Taliban Demands U.S. Stop Flying Drones over Afghanistan

A US Air Force MQ-9 Reaper drone sits at Kandahar Air base in Afghanistan on January 23, 2018. A squadron of A-10C 'Warthog' Thunderbolt IIs deployed to this sprawling airfield in southern Afghanistan last week and has already started flying missions as part of a US and Afghan air campaign …
SHAH MARAI/AFP via Getty Images

The Taliban on Wednesday warned of “negative consequences” if the U.S. does not stop sending drones into Afghanistan’s airspace.

“The U.S. has violated all international rights and laws as well as its commitments made to the Taliban in Doha, Qatar, with the operation of these drones in Afghanistan,” the Taliban said on Twitter.

“We call on all countries, especially the United States, to treat Afghanistan in light of international rights, laws and commitments… in order to prevent any negative consequences,” the statement continued.

The Taliban did not specify where American drones were allegedly flying, and there was no immediate response to its demand from the U.S. government. 

The Biden administration has stressed the importance of maintaining an “over the horizon” capability to “strike terrorists and targets without American boots on the ground,” as President Joe Biden put it. This strategy is generally interpreted as extensive reliance upon drone weapons.

Pressed for comment by Fox News, the Pentagon pointed to comments made by its press secretary John Kirby last week that “all necessary authorities to execute over-the-horizon counterterrorism operations” would be retained in Afghanistan.

Kirby explicitly stated the Taliban’s permission would not be sought for these operations.

“Without speaking to specific rules of engagement surrounding airstrikes, there is currently no requirement to clear airspace with the Taliban. And we do not expect that any future over-the-horizon counterterrorism strikes would hinge on such a clearance,” he said.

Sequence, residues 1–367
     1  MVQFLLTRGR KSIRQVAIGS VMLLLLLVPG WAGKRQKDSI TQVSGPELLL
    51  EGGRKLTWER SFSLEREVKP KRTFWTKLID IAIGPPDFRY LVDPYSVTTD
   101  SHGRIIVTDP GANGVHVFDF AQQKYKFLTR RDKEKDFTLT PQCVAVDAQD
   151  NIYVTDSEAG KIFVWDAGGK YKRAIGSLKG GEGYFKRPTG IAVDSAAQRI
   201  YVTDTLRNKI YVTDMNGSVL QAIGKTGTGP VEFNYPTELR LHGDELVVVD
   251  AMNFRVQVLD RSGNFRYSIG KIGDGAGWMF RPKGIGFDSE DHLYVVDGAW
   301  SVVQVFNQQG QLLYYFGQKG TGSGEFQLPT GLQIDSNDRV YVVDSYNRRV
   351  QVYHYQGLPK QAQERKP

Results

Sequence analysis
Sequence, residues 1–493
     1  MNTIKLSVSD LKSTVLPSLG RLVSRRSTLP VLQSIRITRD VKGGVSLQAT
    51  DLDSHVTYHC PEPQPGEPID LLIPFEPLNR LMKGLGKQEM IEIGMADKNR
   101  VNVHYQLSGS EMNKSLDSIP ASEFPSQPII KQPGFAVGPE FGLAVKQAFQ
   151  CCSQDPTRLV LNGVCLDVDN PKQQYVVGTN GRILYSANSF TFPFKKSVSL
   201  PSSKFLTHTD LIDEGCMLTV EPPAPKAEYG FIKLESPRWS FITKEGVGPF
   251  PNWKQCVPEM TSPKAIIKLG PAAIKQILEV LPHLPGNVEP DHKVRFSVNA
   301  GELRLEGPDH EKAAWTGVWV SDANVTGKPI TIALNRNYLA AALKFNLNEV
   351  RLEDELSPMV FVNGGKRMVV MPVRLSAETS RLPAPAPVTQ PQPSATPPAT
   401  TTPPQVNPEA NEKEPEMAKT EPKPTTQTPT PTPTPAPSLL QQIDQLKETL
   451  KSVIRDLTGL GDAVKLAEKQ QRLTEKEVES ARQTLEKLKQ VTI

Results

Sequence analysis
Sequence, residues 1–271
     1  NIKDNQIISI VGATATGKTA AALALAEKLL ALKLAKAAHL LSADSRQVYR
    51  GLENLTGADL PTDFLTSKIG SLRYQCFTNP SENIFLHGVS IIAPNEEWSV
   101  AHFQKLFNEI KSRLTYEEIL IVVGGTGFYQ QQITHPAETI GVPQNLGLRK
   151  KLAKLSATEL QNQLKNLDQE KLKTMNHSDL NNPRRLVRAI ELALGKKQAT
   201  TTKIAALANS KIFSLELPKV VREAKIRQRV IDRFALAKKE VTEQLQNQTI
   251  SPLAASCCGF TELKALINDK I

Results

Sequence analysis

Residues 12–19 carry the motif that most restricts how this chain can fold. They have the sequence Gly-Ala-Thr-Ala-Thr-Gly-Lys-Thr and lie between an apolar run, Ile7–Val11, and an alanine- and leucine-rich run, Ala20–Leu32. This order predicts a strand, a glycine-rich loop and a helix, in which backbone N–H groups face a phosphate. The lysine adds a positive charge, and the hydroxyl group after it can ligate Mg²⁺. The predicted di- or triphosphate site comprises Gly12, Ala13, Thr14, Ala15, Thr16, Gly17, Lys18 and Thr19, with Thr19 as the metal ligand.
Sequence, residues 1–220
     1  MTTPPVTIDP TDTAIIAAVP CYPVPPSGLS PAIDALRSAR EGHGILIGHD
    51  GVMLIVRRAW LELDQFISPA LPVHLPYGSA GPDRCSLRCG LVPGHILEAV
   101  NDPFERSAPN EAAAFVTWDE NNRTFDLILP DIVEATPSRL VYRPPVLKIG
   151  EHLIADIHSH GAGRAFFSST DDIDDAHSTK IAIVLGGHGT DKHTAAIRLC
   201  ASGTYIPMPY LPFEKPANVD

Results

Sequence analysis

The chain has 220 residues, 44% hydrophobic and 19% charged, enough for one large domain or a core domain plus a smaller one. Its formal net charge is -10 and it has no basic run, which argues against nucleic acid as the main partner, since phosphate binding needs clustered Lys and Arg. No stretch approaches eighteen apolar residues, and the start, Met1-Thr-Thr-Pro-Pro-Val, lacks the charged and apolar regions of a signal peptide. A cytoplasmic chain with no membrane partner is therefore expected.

Pentagon spokesman John Kirby, speaks about the situation in Afghanistan during a briefing at the Pentagon in Washington, Tuesday, Aug. 24, 2021. (AP Photo/Manuel Balce Ceneta)

Kirby added that “force protection” would be included with any drone operations in Afghanistan, meaning steps would be taken to keep the Taliban from shooting down the drones.

As analyst and former assistant to the Secretary of Defense Benjamin Schwartz noted at the Wall Street Journal on Monday, U.S. counterterrorism technology is “extraordinary,” but no substitute for human intelligence and ground forces. 

This was most vividly demonstrated in one of the most horrifying moments from Biden’s disastrous withdrawal from Afghanistan: the panicked drone strike that killed an innocent man and numerous members of his family in Kabul, including small children.

“To further their propaganda efforts, terrorist groups and their supporters frequently claim U.S. drone strikes kill innocents even when that isn’t the case. The U.S. government has no interest in publicizing its failures. In remote areas of Yemen, Somalia, Afghanistan and elsewhere, it often is difficult to determine the truth,” Schwartz wrote.

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